I could afford to pay more. I'd do so if I ever actually visited REACH, but I live thousands of miles away (and did give a small donation when I visited for the pre-EA Global party, and will continue to do so if I ever come back). I'd also pay more if I were more convinced that it was a good EA cause, but the path from ingroup reinforcement to global impact is speculative and full of moral hazard and I'm still thinking about it.
My pledge represents a bet that REACH will ultimately make a difference in my ... (read more)
This is a problem I've been thinking about for awhile in a broader EA context.
It's claimed fairly widely that EA needs a lot more smallish projects, including ones that aren't immediately legible enough to be fundable by large institutional donors (e.g., because the expected value depends on assessments of the competence and value alignment of the person running the project, which the large institutional funders can't assess). It's also claimed (e.g., by Nick Beckstead of OpenPhil at EA Global San Francisco 2017) that smallish earn... (read more)
Re: local events: Although I haven't checked this with Scott, my default assumption for the SSC sidebar is that keeping it free of clutter and noise is of the highest importance. As such, I'm only including individual events that a human actually took explicit action to advertise, to prevent the inclusion of "weekly" events from groups that have since flaked or died out.
(This is also why the displayed text only includes the date and Google-normalized location, to prevent users from defacing the sidebar with arbitrary text.)
LW proper may have different priorities. Might be worth considering design options here for indicating how active a group is.
So correct me if I'm wrong here, but the way timezones seem to work is that, when creating an event, you specify a "local" time, then the app translates that time from whatever it thinks your browser's time zone is into UTC and saves it in the database. When somebody else views the event, the app translates the time in the database from UTC to whatever it thinks their browser's time zone is and displays that.
I suppose this will at least sometimes work okay in practice, but if somebody creates an event in a time zone other than the ... (read more)
Also, two other questions:
Thanks. I'd originally written up a wishlist of server-side functionality here, but at this point I'm thinking maybe I'll just do the sorting and filtering on the client, since this endpoint seems able to provide a superset of what I'm looking for. It's less efficient and definitely an evil hack, but it means not needing server-side code changes.
I'll note that filter: "SSC" doesn't work in the GraphiQL page; events that don't match the filter still get returned.
More generally, the way the API works now basi... (read more)
I think I agree that if you see that as the development of explicit new norms as the primary point then Facebook doesn't really work and you need something like this. I guess I got excited because I was hoping that you'd solved the "audience is inclined towards nitpicking" and "the people I most want to hear from will have been prefiltered out" problems, and now it looks more like those aren't going to change.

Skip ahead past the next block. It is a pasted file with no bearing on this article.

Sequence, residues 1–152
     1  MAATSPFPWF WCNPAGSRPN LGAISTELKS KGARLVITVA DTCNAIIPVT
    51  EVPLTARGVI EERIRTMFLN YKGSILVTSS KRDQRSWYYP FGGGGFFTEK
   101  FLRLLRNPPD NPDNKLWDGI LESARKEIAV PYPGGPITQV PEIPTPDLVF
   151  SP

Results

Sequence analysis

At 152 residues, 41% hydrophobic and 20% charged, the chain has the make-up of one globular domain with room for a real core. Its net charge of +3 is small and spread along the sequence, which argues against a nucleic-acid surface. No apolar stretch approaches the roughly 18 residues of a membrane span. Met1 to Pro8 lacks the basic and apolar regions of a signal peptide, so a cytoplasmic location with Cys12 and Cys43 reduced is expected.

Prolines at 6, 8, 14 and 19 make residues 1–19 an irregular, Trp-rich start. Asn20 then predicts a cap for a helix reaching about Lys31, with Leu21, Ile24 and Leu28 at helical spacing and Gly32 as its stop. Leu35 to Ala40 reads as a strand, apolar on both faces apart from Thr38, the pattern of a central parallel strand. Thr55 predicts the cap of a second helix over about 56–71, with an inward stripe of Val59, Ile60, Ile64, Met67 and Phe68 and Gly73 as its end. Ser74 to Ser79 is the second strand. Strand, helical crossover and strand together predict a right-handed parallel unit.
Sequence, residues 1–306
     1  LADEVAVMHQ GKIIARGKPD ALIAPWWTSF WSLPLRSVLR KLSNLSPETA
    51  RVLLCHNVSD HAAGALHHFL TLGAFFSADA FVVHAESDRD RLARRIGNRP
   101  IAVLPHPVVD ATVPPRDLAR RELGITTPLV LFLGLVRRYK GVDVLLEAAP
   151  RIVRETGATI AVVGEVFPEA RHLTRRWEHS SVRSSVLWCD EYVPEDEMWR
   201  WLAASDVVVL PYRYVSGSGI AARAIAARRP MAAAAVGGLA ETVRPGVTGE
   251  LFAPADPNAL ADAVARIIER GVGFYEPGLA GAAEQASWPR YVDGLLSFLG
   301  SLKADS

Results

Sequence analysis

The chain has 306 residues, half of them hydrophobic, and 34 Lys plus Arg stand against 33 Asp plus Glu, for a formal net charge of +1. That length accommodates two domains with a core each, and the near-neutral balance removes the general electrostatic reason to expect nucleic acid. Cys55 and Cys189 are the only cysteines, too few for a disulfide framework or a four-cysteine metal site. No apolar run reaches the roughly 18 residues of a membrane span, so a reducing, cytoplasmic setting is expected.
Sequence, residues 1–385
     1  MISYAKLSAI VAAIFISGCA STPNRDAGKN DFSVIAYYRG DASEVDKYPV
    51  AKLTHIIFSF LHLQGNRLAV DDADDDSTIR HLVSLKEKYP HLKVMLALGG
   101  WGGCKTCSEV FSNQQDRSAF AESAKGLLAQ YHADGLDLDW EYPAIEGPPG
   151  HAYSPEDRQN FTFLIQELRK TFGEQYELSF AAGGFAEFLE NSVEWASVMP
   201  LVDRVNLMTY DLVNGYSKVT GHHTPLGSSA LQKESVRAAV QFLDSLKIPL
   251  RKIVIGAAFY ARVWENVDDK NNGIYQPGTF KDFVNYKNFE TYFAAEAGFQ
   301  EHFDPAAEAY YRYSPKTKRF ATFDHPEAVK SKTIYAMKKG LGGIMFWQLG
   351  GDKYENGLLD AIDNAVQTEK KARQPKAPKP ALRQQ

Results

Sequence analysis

I guess there's an inherent tradeoff between archipelago and the ability to shape the culture of the community. The status quo on LW 2.0 leans too far towards the latter for my tastes; the rationalist community is big and diverse and different people want different things, and the culture of LW 2.0 feels optimized for what you and Ben want, which diverges often enough from what I want that I'd rather post on Facebook to avoid dealing with that set of selection effects. Whether you should care about this depends on how many other people are in a s... (read more)
Yes, this was what I was trying to suggest.
Thanks for articulating why Facebook is a safer and more pleasant place to comment than LW. I tried to post pretty much this on a previous thread but wasn't able to actually articulate the phenomenon so didn't say anything.
That being said, I still feel like I'd rather just post on Facebook.
There are two specific problems with Facebook as a community forum that I'm aware of. The first is that the built-in archiving and discovery tools are abysmal, because that's not the primary use case for the platform. Fortunately, we know there... (read more)
Other than that, Facebook seems to have the whole "archipelago" thing pretty much solved.
I actually think there's a deep sense in which Facebook has not accomplished archipelago, and an additional deep sense in which they have not accomplished public archipelago.
Archipelago doesn't just mean "you've filter-bubbled yourself such that people you only hang out with likeminded people." It means you've filtered yourself and then used that filtering to enforce norms that you wouldn't be able to enforce otherwise, allo... (read more)
There are two specific problems with Facebook as a community forum that I'm aware of. The first is that the built-in archiving and discovery tools are abysmal, because that's not the primary use case for the platform. Fortunately, we know there's a technical solution to this, because Jeff Kaufman implemented it on his blog.
I don't understand this response. That there exists a solution doesn't mean that there exists a solution that 1) is easy to use and 2) that people will actually use. One of the many advantages of hosting a conver... (read more)
Thanks for the informative writeup.
I already said all of this on Facebook, but just to reiterate: